The contestants of the revived British version of Survivor start to find their feet on the island but largely need to learn when to stop talking…
The brand new series of Survivor UK rolls on with its second episode. Following the spoonfeeding of the premiere for audiences unfamiliar with the format, we would enter the second episode with hopes that the group, on the most part, have found their place on the island and that the action itself might tell the story a little more without the need for constant handholding, in the form of voiceover and narration.
Hosted by comedian and Masked Singer UK frontman, Joel Dommett, the rebooted Survivor continues. Filmed earlier this year in the Dominican Republic, the series sees 18 competitors stranded across two tribes and beaches, competing each day for rewards, in the form of food, tools and creature comforts, and immunities, the means by which you can avoid having to vote out one of your own.
Survivor is a game of three facets: Outwit, Outplay, Outlast. Players that succeed in the competition straddle the fine lines between each of these, with the best players realising that even the smallest of decisions can have a crucial impact on your game, be that positively or negatively.
A hallmark of Survivor around the world, alliances are quickly starting to form amongst the two tribes. While two very clear groups have been decided at La Nena, Caleton is less cliquey. That said, a budding pairing between Nathan and Tinuke is on the cards. Between Nathan’s obvious physical strengths and Tinuke’s growing social game, they could become a very formidable power couple.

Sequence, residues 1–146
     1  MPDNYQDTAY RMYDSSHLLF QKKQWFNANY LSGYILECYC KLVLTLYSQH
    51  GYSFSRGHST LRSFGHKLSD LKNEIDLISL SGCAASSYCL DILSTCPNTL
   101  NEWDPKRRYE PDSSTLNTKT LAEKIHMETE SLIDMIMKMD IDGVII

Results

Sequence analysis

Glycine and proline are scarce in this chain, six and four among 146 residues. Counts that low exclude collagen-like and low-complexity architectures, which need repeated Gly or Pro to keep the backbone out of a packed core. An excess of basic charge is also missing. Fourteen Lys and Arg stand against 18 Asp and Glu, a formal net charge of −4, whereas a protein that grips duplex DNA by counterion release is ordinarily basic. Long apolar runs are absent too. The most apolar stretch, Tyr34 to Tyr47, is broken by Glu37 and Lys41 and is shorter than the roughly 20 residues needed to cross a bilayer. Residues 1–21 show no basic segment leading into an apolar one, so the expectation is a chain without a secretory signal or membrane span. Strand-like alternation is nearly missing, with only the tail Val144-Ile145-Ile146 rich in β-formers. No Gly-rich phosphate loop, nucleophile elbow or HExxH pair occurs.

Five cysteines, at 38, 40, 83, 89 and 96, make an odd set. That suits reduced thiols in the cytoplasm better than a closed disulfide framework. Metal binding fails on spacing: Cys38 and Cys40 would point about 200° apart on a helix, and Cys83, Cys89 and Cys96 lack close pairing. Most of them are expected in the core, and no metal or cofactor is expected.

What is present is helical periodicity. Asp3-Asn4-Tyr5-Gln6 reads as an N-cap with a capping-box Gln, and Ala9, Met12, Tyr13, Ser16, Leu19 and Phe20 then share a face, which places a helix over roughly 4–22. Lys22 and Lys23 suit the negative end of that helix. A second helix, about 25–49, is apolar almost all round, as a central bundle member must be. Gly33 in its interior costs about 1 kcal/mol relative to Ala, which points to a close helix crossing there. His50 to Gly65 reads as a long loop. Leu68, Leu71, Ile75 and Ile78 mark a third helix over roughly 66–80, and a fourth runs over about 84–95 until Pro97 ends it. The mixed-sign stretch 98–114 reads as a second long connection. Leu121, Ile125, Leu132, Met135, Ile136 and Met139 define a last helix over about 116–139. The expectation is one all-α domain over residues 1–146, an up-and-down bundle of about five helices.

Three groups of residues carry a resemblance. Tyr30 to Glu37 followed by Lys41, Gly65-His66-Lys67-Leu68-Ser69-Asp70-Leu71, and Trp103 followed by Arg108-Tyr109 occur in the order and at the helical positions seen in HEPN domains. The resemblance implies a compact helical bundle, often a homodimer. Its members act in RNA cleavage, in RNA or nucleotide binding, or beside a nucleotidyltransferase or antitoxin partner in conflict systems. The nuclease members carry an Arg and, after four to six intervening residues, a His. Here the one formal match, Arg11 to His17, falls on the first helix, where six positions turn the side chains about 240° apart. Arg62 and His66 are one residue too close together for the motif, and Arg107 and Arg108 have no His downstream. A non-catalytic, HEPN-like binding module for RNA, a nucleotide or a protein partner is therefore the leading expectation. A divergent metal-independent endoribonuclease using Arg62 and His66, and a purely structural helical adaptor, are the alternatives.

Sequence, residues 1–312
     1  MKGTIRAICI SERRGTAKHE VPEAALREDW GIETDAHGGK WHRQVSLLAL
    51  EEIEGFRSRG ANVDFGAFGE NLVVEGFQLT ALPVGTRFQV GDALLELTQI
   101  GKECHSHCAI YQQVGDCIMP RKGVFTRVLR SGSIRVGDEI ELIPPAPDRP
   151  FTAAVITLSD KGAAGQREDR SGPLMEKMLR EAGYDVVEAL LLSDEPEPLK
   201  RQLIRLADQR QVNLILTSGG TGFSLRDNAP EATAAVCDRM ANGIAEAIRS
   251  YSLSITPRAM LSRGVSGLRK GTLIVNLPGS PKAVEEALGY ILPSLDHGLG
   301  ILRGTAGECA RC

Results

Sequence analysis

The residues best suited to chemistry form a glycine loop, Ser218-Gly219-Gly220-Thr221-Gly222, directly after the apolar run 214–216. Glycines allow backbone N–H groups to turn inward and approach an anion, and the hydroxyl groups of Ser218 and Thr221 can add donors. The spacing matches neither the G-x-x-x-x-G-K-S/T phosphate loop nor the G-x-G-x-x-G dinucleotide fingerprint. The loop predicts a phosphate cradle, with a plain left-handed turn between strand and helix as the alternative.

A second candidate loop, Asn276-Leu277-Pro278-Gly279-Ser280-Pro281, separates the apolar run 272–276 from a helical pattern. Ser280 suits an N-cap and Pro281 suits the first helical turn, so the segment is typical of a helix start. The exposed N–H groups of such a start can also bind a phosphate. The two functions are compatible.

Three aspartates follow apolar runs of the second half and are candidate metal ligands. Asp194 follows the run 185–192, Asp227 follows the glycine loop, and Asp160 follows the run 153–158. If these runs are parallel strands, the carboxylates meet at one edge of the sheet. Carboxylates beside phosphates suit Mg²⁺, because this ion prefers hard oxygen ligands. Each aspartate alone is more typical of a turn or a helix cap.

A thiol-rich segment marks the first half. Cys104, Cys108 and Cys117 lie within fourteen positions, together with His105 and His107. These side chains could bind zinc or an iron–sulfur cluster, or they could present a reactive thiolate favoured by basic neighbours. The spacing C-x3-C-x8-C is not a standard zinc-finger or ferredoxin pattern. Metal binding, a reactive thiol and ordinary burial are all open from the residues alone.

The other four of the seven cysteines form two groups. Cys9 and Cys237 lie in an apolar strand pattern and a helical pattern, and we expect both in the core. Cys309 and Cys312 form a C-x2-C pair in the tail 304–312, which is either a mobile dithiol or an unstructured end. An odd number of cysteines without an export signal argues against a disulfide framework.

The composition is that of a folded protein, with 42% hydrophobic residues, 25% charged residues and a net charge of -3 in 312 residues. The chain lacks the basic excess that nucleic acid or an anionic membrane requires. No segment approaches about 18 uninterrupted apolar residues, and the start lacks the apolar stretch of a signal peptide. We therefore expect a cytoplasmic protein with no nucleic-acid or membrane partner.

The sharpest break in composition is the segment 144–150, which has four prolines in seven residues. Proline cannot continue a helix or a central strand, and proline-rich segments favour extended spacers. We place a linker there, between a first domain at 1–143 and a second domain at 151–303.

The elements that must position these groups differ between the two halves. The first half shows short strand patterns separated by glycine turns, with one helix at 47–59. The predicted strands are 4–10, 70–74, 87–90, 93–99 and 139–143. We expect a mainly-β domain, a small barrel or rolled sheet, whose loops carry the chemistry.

While on the topic of Tinuke, she is my far too early prediction to win the whole thing. Whether she realises she’s doing it or not, Tinuke is playing a very good game so far. Unlike a fair few of her tribe, she’s speaking up enough to be heard without coming across as pushy or annoying. She’s also doing an excellent job of sitting back and listening to everyone else. Knowledge is power, especially in Survivor.
I’m sure, with my backing, she’ll be voted out next week.
We were introduced to some of the duller members of the tribes this week; that is, those whose personalities were not strong enough to make an immediate impact during the premiere, for better or worse. This was quite the standout episode for Doug, who did well in the reward challenge (more on that later) but is playing a very dangerous game where the mental and social aspects of Survivor are concerned. With La Nena split into two factions, Doug straddles both. Being a swing vote can be very powerful in Survivor but, less than a week in, it’s far too early for that at this stage. It’s only a matter of time before the group realise he’s playing both sides and go with the easy option of voting out someone they might perceive as a manipulator. Keep your head under water, fisher boy.